Southern seniors have greatest chance of high-risk prescribing
One-fifth of Medicare Advantage seniors across the country are prescribed “risky” medications, with a disproportionate number of those seniors living in the southern states, according to a new Brown University study.
The study, published in the April issue of the Journal of General Internal Medicine, examined data from 6 million Medicare beneficiaries, tracking the use of 110 medications on the National Committee for Quality Assurance has “Drugs to Avoid in the Elderly” list. More than 21 percent of the patients—1.3 million people—were prescribed at least one high-risk medication rather than a safer medications that could have treated the same condition.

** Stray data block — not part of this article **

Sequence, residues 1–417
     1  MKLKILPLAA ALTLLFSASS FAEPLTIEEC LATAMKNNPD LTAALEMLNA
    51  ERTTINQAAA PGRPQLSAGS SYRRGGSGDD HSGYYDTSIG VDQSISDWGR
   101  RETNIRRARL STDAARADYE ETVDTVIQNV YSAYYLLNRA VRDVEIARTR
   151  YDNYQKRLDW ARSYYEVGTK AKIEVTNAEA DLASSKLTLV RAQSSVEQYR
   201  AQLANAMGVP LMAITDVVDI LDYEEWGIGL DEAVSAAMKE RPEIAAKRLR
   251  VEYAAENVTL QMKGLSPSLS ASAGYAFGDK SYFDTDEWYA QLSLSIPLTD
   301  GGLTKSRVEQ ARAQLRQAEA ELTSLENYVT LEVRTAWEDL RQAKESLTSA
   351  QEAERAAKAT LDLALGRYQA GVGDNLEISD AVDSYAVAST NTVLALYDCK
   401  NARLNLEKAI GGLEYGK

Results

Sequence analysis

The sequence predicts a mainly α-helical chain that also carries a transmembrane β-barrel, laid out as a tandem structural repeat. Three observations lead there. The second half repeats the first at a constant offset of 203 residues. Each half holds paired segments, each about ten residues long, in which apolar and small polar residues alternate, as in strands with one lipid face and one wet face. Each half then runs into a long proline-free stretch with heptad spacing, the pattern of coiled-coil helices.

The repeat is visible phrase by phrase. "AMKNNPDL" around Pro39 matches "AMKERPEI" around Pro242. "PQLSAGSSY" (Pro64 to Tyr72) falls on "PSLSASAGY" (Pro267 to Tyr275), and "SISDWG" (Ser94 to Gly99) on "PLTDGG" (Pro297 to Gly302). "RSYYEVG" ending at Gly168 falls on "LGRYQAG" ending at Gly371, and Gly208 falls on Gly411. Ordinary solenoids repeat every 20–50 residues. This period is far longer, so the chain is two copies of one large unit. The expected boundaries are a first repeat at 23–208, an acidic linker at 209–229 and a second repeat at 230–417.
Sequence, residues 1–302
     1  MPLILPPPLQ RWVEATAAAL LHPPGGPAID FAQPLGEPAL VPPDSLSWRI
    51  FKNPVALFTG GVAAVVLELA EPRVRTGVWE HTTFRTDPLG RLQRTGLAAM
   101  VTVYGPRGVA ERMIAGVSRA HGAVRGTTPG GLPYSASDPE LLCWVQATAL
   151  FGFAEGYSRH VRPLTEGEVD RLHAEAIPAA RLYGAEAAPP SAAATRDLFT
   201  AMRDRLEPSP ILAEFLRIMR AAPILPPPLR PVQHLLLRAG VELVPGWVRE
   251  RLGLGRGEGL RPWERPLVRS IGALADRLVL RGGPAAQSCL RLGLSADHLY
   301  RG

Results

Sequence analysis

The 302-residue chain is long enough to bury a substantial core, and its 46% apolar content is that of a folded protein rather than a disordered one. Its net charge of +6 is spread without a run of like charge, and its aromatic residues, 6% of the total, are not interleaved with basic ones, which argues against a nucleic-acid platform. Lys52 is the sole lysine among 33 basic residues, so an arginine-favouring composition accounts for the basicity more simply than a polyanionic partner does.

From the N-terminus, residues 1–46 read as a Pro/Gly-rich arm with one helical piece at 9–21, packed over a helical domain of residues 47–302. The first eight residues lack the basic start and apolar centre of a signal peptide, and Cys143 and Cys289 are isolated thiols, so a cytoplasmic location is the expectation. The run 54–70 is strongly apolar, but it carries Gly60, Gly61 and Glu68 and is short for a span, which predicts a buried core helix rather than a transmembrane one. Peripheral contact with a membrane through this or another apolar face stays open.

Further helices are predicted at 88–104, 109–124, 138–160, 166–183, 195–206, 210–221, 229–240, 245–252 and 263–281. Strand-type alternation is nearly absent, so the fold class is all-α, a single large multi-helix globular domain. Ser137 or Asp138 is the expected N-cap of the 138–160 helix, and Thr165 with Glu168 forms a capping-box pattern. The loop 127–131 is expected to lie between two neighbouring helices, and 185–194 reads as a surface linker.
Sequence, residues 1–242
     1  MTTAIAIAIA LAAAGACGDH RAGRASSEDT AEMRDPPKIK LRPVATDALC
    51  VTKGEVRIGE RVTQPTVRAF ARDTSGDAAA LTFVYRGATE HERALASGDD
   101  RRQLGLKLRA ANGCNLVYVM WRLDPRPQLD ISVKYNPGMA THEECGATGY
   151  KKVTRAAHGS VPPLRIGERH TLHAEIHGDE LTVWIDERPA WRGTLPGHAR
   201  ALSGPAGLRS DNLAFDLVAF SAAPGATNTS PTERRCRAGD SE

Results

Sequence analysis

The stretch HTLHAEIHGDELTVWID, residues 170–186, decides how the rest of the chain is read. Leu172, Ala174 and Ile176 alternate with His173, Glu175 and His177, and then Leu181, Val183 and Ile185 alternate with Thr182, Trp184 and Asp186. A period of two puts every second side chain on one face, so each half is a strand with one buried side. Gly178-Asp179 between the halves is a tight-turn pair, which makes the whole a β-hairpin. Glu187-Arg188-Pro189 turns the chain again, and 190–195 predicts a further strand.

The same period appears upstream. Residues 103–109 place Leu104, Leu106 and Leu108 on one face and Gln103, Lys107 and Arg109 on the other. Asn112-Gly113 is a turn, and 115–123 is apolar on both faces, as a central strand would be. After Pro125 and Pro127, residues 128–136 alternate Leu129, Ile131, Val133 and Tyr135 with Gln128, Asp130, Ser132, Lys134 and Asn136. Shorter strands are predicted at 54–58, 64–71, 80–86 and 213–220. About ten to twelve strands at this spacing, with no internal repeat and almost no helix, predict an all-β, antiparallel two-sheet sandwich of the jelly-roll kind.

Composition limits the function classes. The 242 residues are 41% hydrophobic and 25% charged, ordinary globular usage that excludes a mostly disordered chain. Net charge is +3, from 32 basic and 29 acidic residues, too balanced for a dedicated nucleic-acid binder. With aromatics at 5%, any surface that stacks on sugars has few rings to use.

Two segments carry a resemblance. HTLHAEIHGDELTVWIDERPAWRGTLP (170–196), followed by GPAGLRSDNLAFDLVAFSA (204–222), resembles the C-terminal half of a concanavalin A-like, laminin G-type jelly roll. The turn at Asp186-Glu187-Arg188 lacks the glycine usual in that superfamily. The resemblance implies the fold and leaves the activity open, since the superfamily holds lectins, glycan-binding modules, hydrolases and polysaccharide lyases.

Senior residents living in the southern atlantic and east south-central states were 10–12 percent more likely to receive a high-risk medication than residents in other regions. Georgia and Louisiana had some of the highest incidences of such prescribing, while Iowa and much of the New England states had the lowest.
“This is one of the many reminders for patients to regularly review the appropriateness and safety of their medications with their pharmacist and physician,” said Danya Qato, a pharmacist and the lead author of the study, in a Brown University release. “Patients are often their own best advocates.”
Pamela Tabar was editor-in-chief of I Advance Senior Care from 2013-2018. She has worked as a writer and editor for healthcare business media since 1998, including as News Editor of Healthcare Informatics. She has a master’s degree in journalism from Kent State University and a master’s degree in English from the University of York, England.
Topics: Clinical , Executive Leadership